Widespread misdiagnosis of depression complicates outcomes measurement

A few simple questions may keep patients from slipping through the cracks

Although depression costs Americans about $43 billion annually in lost productivity, decreased quality of life, and high mortality, evidence suggests that far too often, the condition goes undiagnosed and untreated by managed care organizations. This state of affairs complicates the efforts of disease managers to measure depression outcomes adequately, experts say.

"Poor diagnosis of depression may be the single biggest problem in the chain of clinical processes that need to take place to treat the patient," says John P. Docherty, MD, professor and vice chairman of the department of psychiatry at Cornell University Medical College in Ithaca, NY, and deputy medical director of New York Hospital’s Westchester division. Indeed, recent studies have shown that among primary care physicians, accuracy rates in diagnosing depression fall well below 50%.

"One of the biggest problems for primary care providers is that patients with depression don’t come in saying they’re sad," says Donna DePaul-Kelly, interim executive director of the Chicago-based National Depressive and Manic Depressive Association. "They say they’re tired, or they’re having trouble sleeping. They don’t have their appetites anymore. They’re saying things that, to a primary care physician, don’t add up to depression."

Many primary care physicians are simply ot well trained in diagnosing psychological maladies or in providing adequate treatment, says Herbert C. Schulberg, PhD, a professor with the University of Pittsburgh School of Medicine’s department of psychiatry. In a study conducted to assess the quality of care that primary care physicians provided to depressive patients, Schulberg found that patients were not seen often enough and that medication was not prescribed for adequate lengths of time. "In fact, even though we told the primary care physicians that their patients had a major depression, we could not identify for about 30% of them any depression-specific treatment over the next eight months," Schulberg says.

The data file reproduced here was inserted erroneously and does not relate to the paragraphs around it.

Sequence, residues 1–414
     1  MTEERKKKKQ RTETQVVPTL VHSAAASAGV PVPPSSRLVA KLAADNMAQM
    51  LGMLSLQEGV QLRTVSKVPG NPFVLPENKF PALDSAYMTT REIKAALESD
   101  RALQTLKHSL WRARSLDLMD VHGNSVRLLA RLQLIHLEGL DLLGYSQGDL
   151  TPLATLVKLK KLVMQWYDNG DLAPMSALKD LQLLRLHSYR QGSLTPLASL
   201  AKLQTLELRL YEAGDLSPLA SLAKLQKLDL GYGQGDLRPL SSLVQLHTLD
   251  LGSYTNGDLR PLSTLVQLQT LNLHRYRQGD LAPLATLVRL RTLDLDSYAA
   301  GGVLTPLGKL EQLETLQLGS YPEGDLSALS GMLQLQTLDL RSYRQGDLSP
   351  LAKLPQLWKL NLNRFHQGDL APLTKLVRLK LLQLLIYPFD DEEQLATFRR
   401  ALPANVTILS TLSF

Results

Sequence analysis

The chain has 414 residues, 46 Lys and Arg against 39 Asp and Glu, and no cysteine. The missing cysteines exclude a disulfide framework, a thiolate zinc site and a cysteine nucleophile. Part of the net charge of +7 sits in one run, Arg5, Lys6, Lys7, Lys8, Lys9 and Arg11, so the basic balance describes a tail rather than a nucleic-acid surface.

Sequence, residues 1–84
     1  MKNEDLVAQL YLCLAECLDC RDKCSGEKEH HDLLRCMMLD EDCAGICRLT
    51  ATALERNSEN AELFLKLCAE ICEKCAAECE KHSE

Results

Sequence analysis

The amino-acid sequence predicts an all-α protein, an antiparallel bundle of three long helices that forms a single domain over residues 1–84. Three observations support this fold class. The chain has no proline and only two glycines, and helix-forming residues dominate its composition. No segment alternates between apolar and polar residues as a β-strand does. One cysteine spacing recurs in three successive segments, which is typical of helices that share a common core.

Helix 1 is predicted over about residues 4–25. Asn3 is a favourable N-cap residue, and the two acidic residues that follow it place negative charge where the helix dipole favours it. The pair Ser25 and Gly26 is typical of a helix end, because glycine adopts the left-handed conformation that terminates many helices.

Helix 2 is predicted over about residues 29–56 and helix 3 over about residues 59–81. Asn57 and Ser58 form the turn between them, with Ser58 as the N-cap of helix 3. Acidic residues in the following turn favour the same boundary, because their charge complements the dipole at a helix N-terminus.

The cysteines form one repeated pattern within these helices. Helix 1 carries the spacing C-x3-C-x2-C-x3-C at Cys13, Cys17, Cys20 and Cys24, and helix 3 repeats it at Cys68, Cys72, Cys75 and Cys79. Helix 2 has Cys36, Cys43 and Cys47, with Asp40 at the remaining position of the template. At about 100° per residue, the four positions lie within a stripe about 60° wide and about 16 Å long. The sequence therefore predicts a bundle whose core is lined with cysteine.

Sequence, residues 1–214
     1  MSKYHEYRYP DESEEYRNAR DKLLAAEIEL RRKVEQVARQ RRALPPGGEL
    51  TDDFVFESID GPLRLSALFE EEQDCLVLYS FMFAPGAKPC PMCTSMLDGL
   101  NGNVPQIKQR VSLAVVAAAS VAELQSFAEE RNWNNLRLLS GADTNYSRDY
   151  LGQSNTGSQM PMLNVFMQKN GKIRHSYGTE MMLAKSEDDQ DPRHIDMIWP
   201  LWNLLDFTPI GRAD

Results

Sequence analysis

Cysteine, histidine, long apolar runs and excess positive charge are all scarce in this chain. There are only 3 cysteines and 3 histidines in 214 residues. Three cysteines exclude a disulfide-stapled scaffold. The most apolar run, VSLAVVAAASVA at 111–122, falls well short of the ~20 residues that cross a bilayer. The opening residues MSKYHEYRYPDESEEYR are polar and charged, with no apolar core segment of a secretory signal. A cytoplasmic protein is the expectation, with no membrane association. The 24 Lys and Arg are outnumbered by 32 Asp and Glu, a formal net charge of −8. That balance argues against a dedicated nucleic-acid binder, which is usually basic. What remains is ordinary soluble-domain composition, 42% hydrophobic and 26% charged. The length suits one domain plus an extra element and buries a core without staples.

Payers discourage treatment

Meanwhile, patients treated by psychiatrists fared much better. "The findings were quite dramatic in that the two standard interventions — medication and psychotherapy — when delivered in a structured, protocol-type way, produced far superior outcomes," says Schulberg. "The moral of it is that if you treat patients with guideline standards, they will do a heck of a lot better."

One problem is that many payers set up disincentives for primary care providers to recognize and treat depression, says Robert M. A. Hirschfeld, MD, professor and chairman of the department of psychiatry and behavioral sciences at the University of Texas Medical Branch at Galveston. "Very often, physicians will not get paid for treatment of psychiatric disorders or will be compensated at a significantly lower rate," says Hirschfeld. "Those kinds of issues all conspire to reduce the recognition and treatment of depression."

The problem is compounded for patients undergoing milder episodes of depression, says Docherty. "We’re beginning to see that people who have milder depressions also have a lot of disability, a vulnerability of developing more severe depression, and generally poor long-term outcomes," he says.